To create sustainable cities and communities became one of the 17 Sustainable Development Goals of the 2030 Agenda for Sustainable Development, stablish by United Nations. To face global warming and climate change impacts, cities should adapt and became more resilient. Increasing blue and green infrastructures, are most recommended solutions for greening the cities, to adjust the urban microclimate reducing the UHIE, to increase the comfort and citizen’s quality of life and contributing to the regulation of the urban water cycle, from demand to disposal.

Prof. Francisco Arregui

Researcher at ITA (formerly Instituto Tecnológico del Agua), Universitat Politecnica de Valencia

Francisco Arregui has over 20 years of experience in the field of water metering and apparent losses assessment and reduction. His Phd, in 1998, dealt with the technical management of water meters.

Since then, he has lead numerous projects with private and public water utilities around the world, giving technical support and training on water meter management, water meter performance analysis, non-revenue water reduction strategies and water consumption patterns determination.

He has also supervised several PhDs and MSc on the topic and co-authored more than 40 technical papers and a book for IWA Publishing entitled “Integrated water meter management”. Currently, he is working in the development of cloud based software tools to support water meter management.


New trends in high frequency water demand monitorization and analysis: experiences and challenges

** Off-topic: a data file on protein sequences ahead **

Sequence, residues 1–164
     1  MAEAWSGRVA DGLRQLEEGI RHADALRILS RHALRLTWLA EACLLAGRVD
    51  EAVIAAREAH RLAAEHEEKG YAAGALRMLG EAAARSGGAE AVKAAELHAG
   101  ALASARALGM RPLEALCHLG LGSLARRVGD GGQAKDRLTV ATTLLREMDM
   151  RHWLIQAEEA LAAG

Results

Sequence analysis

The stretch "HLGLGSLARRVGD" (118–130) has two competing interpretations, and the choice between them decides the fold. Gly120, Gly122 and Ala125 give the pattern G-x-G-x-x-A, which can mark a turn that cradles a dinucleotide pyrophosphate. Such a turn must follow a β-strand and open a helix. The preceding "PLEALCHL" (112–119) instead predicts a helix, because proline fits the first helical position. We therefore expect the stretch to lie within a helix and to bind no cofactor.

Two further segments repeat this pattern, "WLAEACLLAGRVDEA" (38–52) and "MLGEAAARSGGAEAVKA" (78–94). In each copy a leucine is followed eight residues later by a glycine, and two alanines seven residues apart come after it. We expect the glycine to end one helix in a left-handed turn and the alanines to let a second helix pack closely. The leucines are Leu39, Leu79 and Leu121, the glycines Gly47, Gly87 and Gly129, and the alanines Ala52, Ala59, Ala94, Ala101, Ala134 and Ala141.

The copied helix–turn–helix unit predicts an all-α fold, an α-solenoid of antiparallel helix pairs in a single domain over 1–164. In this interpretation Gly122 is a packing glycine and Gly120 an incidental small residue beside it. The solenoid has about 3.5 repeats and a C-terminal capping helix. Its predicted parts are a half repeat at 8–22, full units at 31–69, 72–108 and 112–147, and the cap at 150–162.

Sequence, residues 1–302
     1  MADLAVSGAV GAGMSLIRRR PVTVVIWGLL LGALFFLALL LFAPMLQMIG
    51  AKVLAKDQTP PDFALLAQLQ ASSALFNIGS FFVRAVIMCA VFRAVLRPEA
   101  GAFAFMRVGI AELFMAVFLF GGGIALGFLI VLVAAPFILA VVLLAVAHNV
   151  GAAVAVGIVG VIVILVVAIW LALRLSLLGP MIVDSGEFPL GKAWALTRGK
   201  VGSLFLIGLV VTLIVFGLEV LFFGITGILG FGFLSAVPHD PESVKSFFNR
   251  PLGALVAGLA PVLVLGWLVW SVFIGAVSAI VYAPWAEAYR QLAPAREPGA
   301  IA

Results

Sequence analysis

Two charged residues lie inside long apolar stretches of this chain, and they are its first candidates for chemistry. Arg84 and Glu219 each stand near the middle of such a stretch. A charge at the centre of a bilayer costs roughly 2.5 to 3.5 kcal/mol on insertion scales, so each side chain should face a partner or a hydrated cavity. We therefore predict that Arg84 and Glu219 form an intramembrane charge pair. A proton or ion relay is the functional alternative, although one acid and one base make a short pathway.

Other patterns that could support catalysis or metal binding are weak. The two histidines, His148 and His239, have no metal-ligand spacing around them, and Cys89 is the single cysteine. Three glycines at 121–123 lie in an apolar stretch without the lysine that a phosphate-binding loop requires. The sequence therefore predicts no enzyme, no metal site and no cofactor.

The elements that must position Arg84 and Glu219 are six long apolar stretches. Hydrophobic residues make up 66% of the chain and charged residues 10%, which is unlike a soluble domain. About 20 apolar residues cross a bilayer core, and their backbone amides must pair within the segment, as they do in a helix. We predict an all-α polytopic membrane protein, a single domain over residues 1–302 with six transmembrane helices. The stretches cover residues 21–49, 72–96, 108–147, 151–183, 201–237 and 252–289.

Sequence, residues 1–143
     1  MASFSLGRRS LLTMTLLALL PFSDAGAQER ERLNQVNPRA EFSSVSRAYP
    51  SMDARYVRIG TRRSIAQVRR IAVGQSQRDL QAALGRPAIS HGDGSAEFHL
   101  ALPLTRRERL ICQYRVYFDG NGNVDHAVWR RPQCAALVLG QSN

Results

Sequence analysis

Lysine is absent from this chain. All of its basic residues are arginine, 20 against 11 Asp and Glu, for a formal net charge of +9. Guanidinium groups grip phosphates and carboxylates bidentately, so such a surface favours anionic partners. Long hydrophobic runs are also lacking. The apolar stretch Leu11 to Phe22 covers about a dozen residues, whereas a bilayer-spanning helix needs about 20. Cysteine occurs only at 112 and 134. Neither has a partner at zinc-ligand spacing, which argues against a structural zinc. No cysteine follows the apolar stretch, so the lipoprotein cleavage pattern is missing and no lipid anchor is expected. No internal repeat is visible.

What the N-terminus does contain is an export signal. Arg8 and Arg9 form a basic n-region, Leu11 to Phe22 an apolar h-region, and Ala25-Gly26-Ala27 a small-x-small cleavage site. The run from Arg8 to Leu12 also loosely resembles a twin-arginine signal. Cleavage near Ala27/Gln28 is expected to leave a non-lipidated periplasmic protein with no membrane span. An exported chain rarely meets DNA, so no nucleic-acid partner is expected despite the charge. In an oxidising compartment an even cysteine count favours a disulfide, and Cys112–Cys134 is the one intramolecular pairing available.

Water metering, data logging and transmission equipment have progressively reduced their price and increase capacity and sensitivity. Also, the latest developments in Big Data and Machine Learning techniques allow for the processing of large quantities of data. Cloud computing allow for scalable systems that can be upgraded as more computing power and storage are required. All these advances have made possible significant improvements in the understanding of water consumption that can help water utilities improve the overall efficiency of their systems. The presentation describes previous experiences and challenges faced when conducting high frequency water consumption monitorization. It also, presents the latest advances in water demand micro-component research conducted at ITA (Spain), including the new software and hardware developed.

Prof. Francisco Nunes Correia

Full Professor of Environment and Water Resources, IST, University of Lisbon
Former Minister of Environment, Territorial Planning and Regional Development

rancisco Nunes Correia got his Ph. D. in Civil Engineering at Colorado State University (USA). He is currently a Full Professor of Environment and Water Resources at Instituto Superior Técnico (IST), the main engineering school in Portugal. He is founder, former President of the Board, and now President of the General Assembly of the Portuguese Water Partnership, a platform of universities, enterprises, professional associations and governmental agencies involved in water policy and technology.